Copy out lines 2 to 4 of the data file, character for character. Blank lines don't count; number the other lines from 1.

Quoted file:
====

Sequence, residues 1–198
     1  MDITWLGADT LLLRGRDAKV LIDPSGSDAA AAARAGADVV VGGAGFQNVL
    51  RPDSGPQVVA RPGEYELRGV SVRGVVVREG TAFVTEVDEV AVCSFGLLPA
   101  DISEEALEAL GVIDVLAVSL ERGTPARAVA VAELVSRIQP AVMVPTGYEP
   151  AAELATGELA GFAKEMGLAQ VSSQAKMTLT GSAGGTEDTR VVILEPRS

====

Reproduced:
     1  MDITWLGADT LLLRGRDAKV LIDPSGSDAA AAARAGADVV VGGAGFQNVL
    51  RPDSGPQVVA RPGEYELRGV SVRGVVVREG TAFVTEVDEV AVCSFGLLPA
   101  DISEEALEAL GVIDVLAVSL ERGTPARAVA VAELVSRIQP AVMVPTGYEP